The cigar manufacturing industry in the region waned in the late 1920s. Several factors account for this decline, including large-scale machine mass production elsewhere and national advertising campaigns by major companies. In 1924, Rosenau Bros., Inc. a children's clothing manufacturer moved into Miller and Kline's cigar factory and in 1928, the Red Hill Rug Co., Inc. began to manufacture cotton chenille rugs in S.C. Moyer's E. Sixth Street mill. Although the cigar industry vanished from Red Hill, the important landmarks of the cigar age remain frozen in time within the borough's streets capes as do several of the buildings from Red Hill's pre-industrial era.
While the architecture of both the pre-industrial and industrial eras of Red Hill is essentially builder-designed and vernacular in style, it is of significance because it marks important regional building styles. The slate shingled house with wood siding beneath the porch is a local Pennsylvania German tradition that is indigenous to this part of Montgomery County. A collection of these survives at the south end of Main Street and on East Sixth Street. The 1890s industrial buildings and workers' housing are also of significance; the brick mill buildings and two-and-one-half-story single and double houses, embellished with ornate millwork on their porches, clearly dominate the streets cape of Red Hill and continue to describe the borough's former lifestyle. Although these modest buildings are also seen in Pennsburg, East Greenville, and Green Lane, Red Hill supports the most highly concentrated and best-preserved collection of them along Main Street and East Sixth Street. Both the slate-shingled houses and brick mills and workers' houses convey the flavor and character of the Upper Perkiomen Valley at the turn of the century.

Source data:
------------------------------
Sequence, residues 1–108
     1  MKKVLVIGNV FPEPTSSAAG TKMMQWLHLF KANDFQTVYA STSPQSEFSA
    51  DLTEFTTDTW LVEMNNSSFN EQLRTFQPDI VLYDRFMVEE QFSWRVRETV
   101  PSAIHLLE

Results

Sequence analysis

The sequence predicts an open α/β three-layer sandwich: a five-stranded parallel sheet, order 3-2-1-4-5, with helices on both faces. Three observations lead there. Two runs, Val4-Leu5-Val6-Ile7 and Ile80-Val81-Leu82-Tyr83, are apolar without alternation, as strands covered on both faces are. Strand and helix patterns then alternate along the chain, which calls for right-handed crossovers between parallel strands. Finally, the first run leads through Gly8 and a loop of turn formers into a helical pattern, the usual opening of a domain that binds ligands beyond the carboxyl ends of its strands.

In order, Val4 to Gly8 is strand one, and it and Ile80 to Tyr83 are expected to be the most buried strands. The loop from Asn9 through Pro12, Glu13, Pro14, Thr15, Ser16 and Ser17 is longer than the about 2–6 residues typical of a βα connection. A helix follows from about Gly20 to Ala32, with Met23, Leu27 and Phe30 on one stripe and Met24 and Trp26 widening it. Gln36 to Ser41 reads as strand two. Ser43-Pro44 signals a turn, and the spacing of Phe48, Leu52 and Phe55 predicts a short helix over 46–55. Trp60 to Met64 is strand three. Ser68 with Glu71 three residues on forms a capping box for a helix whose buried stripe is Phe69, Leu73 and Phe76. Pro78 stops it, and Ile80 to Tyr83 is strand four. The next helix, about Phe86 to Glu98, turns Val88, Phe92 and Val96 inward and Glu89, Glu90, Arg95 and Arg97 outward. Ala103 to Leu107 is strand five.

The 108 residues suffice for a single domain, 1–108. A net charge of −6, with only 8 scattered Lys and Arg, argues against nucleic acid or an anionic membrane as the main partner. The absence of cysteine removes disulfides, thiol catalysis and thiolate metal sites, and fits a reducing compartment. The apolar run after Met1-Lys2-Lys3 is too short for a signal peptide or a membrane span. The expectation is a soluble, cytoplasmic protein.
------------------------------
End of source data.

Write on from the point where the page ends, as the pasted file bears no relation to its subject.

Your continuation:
Red Hill is a nearly perfectly preserved community—unified in scale and material—that describes its transition from a turnpike village to a cigar manufacturing center at the end of the nineteenth century.